Treating genes as a resource, conserving plant biodiversity

27 Jan

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The erosion of plant genetic diversity represents an irreversible loss with potentially catastrophic consequences. For this reason, plant genetic diversity is treated today as a resource, and one that requires thoughtful management. This is where genebanks come in:

genebank –
a repository for genetic material (plant or animal), which may be collected, stored, cataloged, and redistributed; increasingly, these repositories are becoming sites of genetics research
sometimes referred to as: gene banks, germplasm repositories, seed banks (though not all genetic material is collected in the form of seed)

Internationally, thousands of genebanks are working to conserve wild and cultivated plant genetic resources – and, by extension, the world’s ecological and agricultural biodiversity. These resources are acquired and preserved as germplasm; the form this germplasm takes is species-dependent.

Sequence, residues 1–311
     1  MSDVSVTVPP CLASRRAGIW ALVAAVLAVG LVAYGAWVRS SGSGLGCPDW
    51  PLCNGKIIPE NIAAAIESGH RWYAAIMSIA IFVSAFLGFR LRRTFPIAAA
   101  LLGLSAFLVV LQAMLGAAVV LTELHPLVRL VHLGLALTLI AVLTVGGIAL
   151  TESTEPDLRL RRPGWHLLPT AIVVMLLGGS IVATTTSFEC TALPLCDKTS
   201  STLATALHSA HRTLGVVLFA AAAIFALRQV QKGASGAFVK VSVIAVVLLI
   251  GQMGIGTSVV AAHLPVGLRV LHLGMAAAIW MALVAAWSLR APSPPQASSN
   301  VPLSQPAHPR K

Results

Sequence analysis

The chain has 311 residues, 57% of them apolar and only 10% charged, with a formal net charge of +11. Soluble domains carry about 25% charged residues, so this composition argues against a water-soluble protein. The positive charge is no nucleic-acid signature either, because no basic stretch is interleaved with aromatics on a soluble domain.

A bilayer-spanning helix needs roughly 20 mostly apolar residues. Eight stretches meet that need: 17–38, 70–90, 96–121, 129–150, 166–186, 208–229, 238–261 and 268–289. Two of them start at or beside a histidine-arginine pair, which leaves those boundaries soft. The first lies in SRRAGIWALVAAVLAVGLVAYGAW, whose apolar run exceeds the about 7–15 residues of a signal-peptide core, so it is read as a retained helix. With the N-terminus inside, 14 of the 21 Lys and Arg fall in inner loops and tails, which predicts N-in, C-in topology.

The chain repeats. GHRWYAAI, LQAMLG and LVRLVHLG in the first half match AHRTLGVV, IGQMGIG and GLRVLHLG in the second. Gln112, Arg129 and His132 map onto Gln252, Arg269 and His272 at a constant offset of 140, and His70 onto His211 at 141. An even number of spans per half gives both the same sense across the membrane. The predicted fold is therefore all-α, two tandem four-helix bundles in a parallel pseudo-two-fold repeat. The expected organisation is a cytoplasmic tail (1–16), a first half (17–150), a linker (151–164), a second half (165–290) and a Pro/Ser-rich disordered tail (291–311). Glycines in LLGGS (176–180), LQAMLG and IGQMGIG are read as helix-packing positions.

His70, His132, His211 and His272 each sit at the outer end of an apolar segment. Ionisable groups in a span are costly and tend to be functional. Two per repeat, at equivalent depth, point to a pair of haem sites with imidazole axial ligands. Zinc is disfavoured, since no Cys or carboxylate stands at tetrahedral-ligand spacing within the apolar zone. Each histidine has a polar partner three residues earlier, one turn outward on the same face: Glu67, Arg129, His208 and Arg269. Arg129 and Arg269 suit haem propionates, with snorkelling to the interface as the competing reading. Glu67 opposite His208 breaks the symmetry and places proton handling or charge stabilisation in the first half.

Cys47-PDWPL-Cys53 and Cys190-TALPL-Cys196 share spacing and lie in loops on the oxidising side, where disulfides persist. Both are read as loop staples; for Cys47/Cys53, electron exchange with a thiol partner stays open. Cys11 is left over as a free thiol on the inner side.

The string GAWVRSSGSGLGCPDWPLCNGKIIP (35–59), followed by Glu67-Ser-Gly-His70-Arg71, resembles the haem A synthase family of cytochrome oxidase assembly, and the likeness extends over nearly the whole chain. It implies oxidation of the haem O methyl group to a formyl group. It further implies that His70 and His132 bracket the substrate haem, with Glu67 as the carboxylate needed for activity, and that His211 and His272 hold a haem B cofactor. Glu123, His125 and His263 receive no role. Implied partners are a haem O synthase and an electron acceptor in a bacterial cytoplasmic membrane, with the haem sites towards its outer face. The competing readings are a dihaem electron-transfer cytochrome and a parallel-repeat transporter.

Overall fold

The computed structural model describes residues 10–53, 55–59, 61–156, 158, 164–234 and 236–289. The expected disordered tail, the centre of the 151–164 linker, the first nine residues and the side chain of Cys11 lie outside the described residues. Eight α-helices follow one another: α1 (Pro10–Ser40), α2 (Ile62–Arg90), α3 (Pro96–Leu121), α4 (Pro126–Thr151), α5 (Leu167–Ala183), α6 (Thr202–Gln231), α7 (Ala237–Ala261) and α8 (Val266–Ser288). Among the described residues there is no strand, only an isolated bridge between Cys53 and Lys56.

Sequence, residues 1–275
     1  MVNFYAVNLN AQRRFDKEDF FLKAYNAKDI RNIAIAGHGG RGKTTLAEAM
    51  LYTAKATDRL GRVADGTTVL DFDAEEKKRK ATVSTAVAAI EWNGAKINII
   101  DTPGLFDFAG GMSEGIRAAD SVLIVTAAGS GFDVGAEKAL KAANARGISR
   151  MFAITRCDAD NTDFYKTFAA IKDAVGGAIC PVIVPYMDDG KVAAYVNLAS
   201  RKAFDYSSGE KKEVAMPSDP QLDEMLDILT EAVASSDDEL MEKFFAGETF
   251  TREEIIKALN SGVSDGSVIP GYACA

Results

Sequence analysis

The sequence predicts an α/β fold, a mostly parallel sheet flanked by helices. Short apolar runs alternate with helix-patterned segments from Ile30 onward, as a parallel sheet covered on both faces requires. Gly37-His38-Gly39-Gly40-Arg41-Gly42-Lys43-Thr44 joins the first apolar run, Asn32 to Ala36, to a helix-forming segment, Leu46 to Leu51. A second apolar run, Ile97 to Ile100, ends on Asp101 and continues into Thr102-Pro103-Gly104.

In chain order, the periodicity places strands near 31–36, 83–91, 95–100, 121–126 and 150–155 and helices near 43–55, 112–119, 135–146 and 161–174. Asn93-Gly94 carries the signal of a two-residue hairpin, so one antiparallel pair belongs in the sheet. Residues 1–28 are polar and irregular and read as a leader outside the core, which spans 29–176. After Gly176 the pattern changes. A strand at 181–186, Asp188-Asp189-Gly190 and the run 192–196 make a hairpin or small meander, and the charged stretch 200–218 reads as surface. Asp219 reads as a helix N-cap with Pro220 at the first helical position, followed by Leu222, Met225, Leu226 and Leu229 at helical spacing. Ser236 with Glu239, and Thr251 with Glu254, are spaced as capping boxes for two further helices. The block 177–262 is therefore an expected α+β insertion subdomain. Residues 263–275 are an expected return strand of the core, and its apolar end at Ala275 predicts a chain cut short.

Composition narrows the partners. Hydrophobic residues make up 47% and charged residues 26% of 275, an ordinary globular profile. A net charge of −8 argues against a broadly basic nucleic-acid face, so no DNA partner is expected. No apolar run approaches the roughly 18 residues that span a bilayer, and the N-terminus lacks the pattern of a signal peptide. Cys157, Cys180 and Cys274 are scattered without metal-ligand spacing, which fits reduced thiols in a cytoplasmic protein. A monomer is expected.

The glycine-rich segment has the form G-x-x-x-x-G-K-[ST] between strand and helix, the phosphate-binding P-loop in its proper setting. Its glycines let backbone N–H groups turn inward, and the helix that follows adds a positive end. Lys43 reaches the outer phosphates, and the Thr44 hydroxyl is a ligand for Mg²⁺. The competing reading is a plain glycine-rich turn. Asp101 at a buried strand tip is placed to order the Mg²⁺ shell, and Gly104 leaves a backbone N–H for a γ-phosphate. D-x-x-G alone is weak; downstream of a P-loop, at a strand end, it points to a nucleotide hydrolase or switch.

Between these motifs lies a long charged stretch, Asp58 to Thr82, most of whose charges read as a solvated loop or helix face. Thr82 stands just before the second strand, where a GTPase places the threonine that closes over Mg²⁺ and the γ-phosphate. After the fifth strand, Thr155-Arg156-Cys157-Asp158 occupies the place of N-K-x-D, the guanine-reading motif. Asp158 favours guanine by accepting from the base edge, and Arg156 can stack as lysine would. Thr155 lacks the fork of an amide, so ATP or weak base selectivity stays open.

germplasm –
a set of tissues, organs, or plant parts that can regenerate into whole plants (i.e. seeds, cuttings, budwood) and that carry desired genetic resources (i.e. genes, gene frequencies, genetic combinations)

Factors such as climate change and human population growth represent mounting threats to the natural environment, the global economy, and global food security. In the face of these threats, genetic resource conservation will ensure our ability both to protect the environment and to cultivate plants that meet the needs of a rapidly changing world. As repositories of the world’s biodiversity, plant genebanks safeguard endangered species and provide the germs of life with which to restore devastated ecosystems. As storehouses of intraspecific variation, genebanks provide the genetic wellsprings from which breeders can select for improved yields, nutritive values, stress tolerance, and disease and pest resistance.

In the following TED talks, two experts offer their own passionate arguments in favor of plant genetic resource conservation:

Jonathan Drori explains the significance of plant life and the work of , the world’s largest ex situ plant conservation project.

Cary Fowler, Senior Advisor to the , explains the importance of agricultural biodiversity and the work of the (sometimes referred to endearingly as the “doomsday vault”).

– Jacqueline Maasch, ’15

Jacqueline is an anthropology major, environmental science & policy minor, and sustainable food concentrator. She hopes to work at a genebank at some point in the future. This post is based on research done in Horticulture (BIO 122) in spring 2013.

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